Business Process Management

Business Process Management

Matthew Guah (Erasmus School of Economics, The Netherlands)
Copyright: © 2009 |Pages: 20
DOI: 10.4018/978-1-59904-546-7.ch010
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Abstract

The chapter seeks to advance the practice perspective of VLITP by drawing attention to individual, collective sub-teams and host organizational sense making. It reveals some of the inner workings of VLITP implementation strategies in practice today and attempts to form the theoretical bases for examining a case for BPM in VLITP implementation situations. The chapter looks at various BPM concepts including BPM practices in project management, since the mid 1990’s, though originating from the early 1920s. It introduces three waves of BPM throughout the years before providing a comprehensive definition of BPM in the VLITP situation.
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Business Process Management

BPM involves the holistic approach of all systematic attempts to control and improve the implementation of a business process. This is why BPM encompasses optimization of individual activities, optimization of process flow, process change management, and change management for the organizational culture. The IT industry has developed BPM software that is based on the business improvement life cycle. This cycle shows the organizational desire to constantly improve the implementation of the business process. BPM software should in theory enable analysts to model, simulate, deploy, execute, measure the performance, and analyze new process implementations. However this is currently not possible, because the BPM software is not able to change the process flow, which is embedded in the applications. Another problem is that the current modeling environments are too technical for the business process analysts.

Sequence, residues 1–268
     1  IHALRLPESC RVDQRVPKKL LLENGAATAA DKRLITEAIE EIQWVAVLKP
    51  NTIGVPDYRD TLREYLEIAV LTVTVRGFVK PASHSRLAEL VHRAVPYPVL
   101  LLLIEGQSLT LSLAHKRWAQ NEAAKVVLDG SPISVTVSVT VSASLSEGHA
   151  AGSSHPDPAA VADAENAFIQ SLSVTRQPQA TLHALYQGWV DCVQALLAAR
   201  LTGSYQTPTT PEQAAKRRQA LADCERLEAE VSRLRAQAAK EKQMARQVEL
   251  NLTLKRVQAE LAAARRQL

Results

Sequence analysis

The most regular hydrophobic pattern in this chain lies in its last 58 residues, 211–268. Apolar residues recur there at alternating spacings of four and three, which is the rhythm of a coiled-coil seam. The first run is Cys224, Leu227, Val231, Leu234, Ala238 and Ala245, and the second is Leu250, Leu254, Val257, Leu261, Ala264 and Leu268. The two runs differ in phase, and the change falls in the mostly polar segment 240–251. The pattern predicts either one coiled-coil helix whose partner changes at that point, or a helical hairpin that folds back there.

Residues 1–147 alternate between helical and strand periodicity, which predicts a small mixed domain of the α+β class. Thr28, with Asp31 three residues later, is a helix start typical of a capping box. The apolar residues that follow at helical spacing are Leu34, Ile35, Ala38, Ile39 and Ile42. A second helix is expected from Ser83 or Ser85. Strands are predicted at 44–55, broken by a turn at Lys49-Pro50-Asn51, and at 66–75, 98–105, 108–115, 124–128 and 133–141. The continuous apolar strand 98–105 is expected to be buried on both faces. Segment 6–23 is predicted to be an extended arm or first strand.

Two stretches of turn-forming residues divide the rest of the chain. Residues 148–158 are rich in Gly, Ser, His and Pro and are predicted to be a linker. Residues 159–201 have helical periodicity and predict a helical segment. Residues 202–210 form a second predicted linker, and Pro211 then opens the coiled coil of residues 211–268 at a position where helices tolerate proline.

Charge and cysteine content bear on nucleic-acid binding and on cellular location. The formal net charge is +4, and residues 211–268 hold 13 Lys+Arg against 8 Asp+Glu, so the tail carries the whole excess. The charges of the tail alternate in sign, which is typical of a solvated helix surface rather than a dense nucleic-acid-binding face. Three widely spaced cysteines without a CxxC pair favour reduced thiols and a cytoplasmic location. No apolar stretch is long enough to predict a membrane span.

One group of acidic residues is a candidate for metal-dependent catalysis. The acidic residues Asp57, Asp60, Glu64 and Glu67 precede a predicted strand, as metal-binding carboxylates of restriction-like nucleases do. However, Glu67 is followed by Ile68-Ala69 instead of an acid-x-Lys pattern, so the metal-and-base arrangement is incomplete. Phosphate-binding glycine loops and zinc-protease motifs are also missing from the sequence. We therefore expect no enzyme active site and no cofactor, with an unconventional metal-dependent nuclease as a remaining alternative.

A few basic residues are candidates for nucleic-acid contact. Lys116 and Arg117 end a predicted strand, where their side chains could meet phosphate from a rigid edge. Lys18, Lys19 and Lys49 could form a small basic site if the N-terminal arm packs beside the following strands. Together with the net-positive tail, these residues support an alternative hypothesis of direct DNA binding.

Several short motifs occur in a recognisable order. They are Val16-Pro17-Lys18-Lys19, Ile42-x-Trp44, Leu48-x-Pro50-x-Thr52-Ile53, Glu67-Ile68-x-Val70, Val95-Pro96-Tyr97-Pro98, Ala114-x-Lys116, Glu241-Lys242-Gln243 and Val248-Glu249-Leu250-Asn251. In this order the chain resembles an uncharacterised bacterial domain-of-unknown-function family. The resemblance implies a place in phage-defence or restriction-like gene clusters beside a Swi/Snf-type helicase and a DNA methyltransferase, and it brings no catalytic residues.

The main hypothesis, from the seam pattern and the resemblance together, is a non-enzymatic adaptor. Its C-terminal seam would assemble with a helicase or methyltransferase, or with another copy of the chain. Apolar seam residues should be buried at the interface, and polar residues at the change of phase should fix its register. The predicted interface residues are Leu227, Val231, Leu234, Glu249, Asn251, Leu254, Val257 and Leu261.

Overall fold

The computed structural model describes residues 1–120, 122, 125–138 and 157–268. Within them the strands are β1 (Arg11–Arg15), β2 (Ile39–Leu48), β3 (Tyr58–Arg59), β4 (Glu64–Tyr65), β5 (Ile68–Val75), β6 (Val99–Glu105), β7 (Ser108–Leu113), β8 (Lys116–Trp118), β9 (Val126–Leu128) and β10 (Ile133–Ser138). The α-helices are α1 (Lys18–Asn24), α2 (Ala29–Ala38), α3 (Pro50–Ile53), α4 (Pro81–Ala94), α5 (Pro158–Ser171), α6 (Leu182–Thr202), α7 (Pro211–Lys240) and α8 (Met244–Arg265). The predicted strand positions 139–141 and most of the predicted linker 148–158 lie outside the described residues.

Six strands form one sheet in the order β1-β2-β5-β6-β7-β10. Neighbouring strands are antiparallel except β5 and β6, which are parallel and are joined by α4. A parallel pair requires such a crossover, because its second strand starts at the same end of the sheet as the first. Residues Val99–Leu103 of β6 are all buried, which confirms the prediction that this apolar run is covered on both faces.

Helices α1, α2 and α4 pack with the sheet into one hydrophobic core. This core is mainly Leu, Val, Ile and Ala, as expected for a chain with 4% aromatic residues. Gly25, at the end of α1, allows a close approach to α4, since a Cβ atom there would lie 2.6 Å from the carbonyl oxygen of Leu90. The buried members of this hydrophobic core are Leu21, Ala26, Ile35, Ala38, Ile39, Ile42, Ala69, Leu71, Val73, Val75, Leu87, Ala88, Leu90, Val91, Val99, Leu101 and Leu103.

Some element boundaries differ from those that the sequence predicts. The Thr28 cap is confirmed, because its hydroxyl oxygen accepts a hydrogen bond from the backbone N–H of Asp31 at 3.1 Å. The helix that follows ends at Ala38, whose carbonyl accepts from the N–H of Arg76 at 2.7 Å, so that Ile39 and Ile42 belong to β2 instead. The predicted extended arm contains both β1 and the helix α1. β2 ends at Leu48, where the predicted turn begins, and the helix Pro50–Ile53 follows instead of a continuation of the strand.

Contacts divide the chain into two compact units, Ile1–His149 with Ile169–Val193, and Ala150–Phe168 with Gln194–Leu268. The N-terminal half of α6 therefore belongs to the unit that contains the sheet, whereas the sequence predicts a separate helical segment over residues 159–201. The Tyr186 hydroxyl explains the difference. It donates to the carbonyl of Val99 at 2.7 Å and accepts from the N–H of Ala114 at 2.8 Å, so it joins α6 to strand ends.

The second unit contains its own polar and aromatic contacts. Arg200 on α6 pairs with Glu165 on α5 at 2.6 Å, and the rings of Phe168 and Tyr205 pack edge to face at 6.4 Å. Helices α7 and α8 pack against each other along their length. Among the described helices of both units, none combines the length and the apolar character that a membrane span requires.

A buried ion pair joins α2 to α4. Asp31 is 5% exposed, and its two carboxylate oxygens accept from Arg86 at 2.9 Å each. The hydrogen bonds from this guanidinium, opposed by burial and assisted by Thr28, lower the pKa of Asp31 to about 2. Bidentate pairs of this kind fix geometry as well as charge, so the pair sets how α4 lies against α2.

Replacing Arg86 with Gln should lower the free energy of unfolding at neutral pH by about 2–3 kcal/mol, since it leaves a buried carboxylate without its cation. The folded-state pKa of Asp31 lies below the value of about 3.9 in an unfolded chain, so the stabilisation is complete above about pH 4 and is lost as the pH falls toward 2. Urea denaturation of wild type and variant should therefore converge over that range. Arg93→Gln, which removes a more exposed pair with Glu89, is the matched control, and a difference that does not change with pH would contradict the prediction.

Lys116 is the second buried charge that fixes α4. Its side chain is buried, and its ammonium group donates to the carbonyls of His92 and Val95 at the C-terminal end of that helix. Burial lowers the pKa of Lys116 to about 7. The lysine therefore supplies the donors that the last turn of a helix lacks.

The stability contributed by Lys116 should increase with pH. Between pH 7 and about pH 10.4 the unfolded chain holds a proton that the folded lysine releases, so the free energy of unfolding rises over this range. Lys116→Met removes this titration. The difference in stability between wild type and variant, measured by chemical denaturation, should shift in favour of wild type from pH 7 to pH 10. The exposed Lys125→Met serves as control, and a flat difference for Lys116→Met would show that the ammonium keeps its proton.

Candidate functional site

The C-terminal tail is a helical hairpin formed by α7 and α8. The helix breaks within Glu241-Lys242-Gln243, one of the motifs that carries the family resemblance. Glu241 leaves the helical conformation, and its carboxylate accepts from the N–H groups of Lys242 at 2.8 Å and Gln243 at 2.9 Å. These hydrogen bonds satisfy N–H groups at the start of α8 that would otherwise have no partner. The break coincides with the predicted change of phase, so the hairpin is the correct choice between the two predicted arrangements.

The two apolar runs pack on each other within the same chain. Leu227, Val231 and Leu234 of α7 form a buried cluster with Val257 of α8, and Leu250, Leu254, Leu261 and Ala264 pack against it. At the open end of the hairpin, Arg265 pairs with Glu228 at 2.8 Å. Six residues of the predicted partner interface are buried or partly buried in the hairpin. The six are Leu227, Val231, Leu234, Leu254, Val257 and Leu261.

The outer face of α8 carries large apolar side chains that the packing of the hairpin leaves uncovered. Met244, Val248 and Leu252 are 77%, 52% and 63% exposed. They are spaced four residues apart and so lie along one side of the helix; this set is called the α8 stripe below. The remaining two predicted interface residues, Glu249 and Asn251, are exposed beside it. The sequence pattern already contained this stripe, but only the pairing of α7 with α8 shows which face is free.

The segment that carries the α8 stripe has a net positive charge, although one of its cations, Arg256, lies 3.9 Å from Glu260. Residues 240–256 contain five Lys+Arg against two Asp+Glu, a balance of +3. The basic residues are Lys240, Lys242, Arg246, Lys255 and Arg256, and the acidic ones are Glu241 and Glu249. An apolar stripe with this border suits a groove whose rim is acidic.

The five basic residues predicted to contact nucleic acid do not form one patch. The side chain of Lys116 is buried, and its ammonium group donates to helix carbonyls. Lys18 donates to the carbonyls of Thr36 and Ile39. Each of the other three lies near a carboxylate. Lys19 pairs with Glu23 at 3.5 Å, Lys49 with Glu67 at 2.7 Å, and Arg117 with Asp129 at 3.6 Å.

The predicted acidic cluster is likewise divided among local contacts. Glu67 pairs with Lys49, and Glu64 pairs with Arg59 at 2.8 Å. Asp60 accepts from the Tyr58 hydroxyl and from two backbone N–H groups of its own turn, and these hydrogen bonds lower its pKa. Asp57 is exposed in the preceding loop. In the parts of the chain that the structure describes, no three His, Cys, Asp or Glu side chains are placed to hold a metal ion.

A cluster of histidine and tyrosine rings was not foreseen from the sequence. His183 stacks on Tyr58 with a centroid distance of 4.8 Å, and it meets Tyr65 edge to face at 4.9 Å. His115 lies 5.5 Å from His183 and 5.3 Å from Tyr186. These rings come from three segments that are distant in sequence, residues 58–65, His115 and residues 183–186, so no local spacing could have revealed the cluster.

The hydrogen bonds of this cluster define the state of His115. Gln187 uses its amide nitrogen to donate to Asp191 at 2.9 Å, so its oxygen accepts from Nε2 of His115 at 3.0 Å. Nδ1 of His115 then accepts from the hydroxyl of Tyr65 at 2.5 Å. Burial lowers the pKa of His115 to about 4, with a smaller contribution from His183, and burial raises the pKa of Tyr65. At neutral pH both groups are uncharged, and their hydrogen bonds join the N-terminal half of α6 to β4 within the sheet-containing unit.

BPM is the philosophy of how business processes should be managed. This management is frequently misinterpreted as the streamline of delivering a document to the appropriate recipient (Keen, 2004). Pritchard and Armistead conclude from a series of interviews that managers see BPM as a holistic approach for process performance in the long run including process commitment (Pritchard and Armistead, 1999).

As mentioned earlier there currently is much discussion about the definition of BPM. Lee and Dale (1998) present a good overview of this subject, though it does not encompass recent changes to process thinking. Their definition for BPM is: “a customer-focused approach to the systematic management, measurement and improvement of all company processes through cross-functional teamwork and employee empowerment”. Our objections to this definition are that terms like cross-functional teamwork and employee empowerment refer to an approach to BPM. We would like to have a general definition that also fits other approaches.

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